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A modern German Luftwaffe IRIS-T infrared homing air-to-air missile

Infrared homing refers to a passive missile guidance system which uses the emission from a target of electromagnetic radiation in the infrared part of the spectrum to track it. Missiles which use infrared seeking are often referred to as "heat-seekers", since infrared (IR) is just below the visible spectrum of light in frequency and is radiated strongly by hot bodies. Many objects such as people, vehicle engines and aircraft generate and retain heat, and as such, are especially visible in the infra-red wavelengths of light compared to objects in the background.

The NATO brevity code for an air-to-air infrared-guided missile launch is "Fox Two".[1]

Contents

Seeker types

The three main materials used in the infrared sensor are lead sulfide (PbS), Indium Antimonide (InSb) and MerCad telluride (HgCdTe). Older sensors tend to use PbS, newer sensors tend to use InSb or HgCdTe. All perform better when cooled, as they are both more sensitive and able to detect cooler objects.

Early infrared seekers were most effective in detecting infrared radiation with shorter wavelengths, such as the 4.2 micrometre emissions of the carbon dioxide efflux of a jet engine. Such seekers, which are most sensitive to the 3 to 5 micrometre range, are now called single-color seekers. Modern infrared seekers also operate in the 8 to 13 micrometre wavelength range, which is absorbed least by the atmosphere. Such seekers are called two-color systems. Two-color seekers are harder to defeat with countermeasures such as flares and jammers.

Scanning patterns and modulation

A missile's resistance to decoys can also be determined by the method in which the space in front of itself is scanned for targets. Early missiles used spin scanning while newer seekers use conical scanning which gives them superior decoy discrimination as well as overall increased sensitivity for longer range tracking. There have also been missiles built using so-called "rosette" scanning methods. Very modern heat-seeking missiles utilise imaging infrared (IIR), where the IR/UV sensor is a focal plane array which is able to "see" in infra-red, much like the CCD in a digital camera. This requires much more signal processing but can be much more accurate and harder to fool with decoys. In addition to being more flare-resistant, newer seekers are also less likely to be fooled into locking onto the sun, another common trick for avoiding heat-seeking missiles.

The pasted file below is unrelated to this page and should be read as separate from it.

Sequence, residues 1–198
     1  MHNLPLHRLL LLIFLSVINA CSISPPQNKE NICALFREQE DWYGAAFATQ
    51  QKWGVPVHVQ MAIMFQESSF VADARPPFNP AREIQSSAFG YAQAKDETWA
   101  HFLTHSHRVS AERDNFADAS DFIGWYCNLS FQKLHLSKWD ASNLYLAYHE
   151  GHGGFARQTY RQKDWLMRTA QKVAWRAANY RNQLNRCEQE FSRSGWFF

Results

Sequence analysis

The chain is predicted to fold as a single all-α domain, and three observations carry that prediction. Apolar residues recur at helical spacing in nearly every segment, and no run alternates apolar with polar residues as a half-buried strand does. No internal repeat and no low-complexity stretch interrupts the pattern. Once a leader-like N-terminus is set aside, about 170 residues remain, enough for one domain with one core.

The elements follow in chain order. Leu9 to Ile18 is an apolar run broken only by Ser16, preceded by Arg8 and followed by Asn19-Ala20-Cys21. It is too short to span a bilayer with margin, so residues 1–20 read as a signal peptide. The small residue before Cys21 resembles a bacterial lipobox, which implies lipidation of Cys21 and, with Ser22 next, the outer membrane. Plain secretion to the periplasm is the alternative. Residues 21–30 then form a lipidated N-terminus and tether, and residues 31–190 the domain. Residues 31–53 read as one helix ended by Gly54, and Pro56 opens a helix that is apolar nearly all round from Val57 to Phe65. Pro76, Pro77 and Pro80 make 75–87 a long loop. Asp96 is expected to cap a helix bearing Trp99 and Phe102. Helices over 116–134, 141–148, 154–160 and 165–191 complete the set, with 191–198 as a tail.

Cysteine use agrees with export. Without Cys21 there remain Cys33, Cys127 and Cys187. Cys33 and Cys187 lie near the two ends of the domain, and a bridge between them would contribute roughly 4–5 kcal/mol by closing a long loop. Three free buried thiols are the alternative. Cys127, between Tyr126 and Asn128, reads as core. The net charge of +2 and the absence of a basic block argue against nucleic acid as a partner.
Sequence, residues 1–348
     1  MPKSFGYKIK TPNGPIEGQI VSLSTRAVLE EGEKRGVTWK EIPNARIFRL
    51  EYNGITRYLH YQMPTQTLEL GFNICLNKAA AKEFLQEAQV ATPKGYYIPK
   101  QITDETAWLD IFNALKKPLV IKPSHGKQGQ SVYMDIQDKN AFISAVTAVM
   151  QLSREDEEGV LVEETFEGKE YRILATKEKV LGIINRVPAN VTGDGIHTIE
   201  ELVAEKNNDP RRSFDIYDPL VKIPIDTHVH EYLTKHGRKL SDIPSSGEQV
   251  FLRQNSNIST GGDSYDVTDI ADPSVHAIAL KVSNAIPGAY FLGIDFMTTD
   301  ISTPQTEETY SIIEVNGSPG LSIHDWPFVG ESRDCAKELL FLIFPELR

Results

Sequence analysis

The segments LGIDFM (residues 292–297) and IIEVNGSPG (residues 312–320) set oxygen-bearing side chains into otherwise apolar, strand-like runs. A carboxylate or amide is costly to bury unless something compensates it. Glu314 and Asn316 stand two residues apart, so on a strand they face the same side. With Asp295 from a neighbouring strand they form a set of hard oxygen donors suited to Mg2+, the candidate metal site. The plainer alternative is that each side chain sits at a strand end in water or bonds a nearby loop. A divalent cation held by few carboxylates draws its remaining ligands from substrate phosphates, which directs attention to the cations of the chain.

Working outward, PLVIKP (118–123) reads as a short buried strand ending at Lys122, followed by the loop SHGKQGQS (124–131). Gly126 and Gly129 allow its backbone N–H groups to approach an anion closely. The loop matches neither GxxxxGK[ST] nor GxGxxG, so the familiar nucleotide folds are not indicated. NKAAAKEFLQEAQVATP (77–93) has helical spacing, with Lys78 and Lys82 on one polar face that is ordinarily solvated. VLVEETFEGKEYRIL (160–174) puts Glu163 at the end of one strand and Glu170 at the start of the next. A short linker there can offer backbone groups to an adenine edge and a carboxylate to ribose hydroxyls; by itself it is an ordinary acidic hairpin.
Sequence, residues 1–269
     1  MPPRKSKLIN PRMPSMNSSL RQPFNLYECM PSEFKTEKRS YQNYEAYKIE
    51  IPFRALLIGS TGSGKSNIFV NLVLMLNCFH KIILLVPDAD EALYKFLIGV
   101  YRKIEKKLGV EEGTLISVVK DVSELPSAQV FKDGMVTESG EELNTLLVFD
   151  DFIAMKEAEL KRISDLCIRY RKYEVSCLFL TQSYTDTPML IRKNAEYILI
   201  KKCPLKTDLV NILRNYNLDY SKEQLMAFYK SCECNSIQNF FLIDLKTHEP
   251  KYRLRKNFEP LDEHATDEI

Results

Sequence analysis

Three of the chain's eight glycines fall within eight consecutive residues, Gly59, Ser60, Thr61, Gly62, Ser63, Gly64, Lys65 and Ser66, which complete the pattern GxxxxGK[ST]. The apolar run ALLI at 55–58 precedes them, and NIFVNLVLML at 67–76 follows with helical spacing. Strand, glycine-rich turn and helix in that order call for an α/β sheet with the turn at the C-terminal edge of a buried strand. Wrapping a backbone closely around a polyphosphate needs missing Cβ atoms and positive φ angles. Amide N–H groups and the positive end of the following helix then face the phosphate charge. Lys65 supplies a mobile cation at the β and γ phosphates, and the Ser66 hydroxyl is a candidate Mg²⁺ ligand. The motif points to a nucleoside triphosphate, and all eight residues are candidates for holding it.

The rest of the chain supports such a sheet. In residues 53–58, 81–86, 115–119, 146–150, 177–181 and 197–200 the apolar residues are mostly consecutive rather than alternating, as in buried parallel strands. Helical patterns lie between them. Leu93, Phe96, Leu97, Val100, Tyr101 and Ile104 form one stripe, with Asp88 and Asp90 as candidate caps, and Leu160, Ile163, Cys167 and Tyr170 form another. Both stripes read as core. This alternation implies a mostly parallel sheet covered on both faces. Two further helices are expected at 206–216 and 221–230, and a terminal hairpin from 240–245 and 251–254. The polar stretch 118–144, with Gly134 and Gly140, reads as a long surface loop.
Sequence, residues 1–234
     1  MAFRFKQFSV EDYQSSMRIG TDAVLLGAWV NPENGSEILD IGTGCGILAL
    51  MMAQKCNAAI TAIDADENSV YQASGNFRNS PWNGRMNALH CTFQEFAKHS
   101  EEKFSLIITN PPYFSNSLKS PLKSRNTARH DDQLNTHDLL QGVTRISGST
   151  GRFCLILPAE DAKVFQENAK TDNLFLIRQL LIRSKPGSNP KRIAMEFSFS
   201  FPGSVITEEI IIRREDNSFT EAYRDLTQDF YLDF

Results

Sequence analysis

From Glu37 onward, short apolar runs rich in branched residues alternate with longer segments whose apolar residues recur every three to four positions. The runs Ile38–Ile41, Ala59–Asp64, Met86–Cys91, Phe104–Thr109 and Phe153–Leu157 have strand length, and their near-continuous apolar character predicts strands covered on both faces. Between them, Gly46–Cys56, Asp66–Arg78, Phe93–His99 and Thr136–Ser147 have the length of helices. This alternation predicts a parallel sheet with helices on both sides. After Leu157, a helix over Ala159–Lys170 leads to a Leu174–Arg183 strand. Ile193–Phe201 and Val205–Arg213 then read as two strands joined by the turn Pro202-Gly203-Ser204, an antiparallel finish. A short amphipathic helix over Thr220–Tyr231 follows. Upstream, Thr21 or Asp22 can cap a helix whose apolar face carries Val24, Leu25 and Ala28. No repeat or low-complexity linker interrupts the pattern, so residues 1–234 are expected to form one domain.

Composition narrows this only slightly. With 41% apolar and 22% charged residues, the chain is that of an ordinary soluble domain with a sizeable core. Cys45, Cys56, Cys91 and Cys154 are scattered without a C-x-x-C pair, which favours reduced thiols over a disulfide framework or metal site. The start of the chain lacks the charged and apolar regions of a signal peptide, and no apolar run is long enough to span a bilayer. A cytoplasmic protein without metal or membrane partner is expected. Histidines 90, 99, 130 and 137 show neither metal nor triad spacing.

Before imaging infrared sensors there was also the question of sensor modulation; earlier seekers used amplitude modulation (AM) to determine how far off-center the target was and thus how hard the missile had to turn to center it, but this led to increased error as the missile approached the target and the target's image became relatively larger (creating an artificially stronger signal). Switching to frequency modulation (FM) solved this problem, which is better able to discriminate the distance without being further confused by the image size.

Cooling

All-aspect seekers also tend to require cooling to give them the high degree of sensitivity required to lock onto the lower level signals coming from the front and sides of an aircraft. Background heat from inside the sensor, or the aerodynamically heated sensor window, can overpower the weak signal entering the sensor from the target. (CCDs in cameras have similar problems; they have much more "noise" at higher temperatures.) Modern all-aspect missiles like the AIM-9M Sidewinder and FIM-92 Stinger use compressed gas or liquid nitrogen to cool their sensors in order to lock onto the target at longer ranges and all aspects. (The AIM-9J used a peltier thermoelectric cooler).

Tracking

Most infrared guided missiles have their seekers mounted on a gimbal. This allows the sensor to be pointed at the target when the missile is not. This is important for two main reasons. One is that before and during launch, the missile can't always be pointed at the target. Rather, the pilot or operator points the seeker at the target using radar, a helmet-mounted sight, an optical sight or possibly by pointing the nose of the aircraft or missile launcher directly at the target. Once the seeker sees and recognises the target, it indicates this to the operator who then typically "uncages" the seeker (which is then allowed to follow the target). After this point the seeker remains locked on the target, even if the aircraft or launching platform moves. When the weapon is launched, it may not be able to control the direction it points until the motor fires and it reaches a high enough speed for its fins to control its direction of travel. Until then, the gimballed seeker needs to be able to track the target independently.

Finally, even while it is under positive control and on its way to intercept the target, it probably won't be pointing directly at it; unless the target is moving directly toward or away from the launching platform, the shortest path to intercept the target will not be the path taken while pointing straight at it, since it is moving laterally with respect to the missile's view. The original heat-seeking missiles would simply point towards the target and chase it; this was inefficient. Newer missiles are smarter and use the gimballed seeker head combined with what is known as "proportional guidance" in order to avoid oscillation and to fly an efficient intercept path.

See also

References

  1. ^ MULTISERVICE AIR-AIR, AIR-SURFACE, SURFACE-AIR BREVITY CODES, Air Land Sea Application (ALSA) Center, 1997, pp. 6, http://www.dtic.mil/doctrine/jel/service_pubs/lbrevity.pdf, retrieved 2008-02-23  

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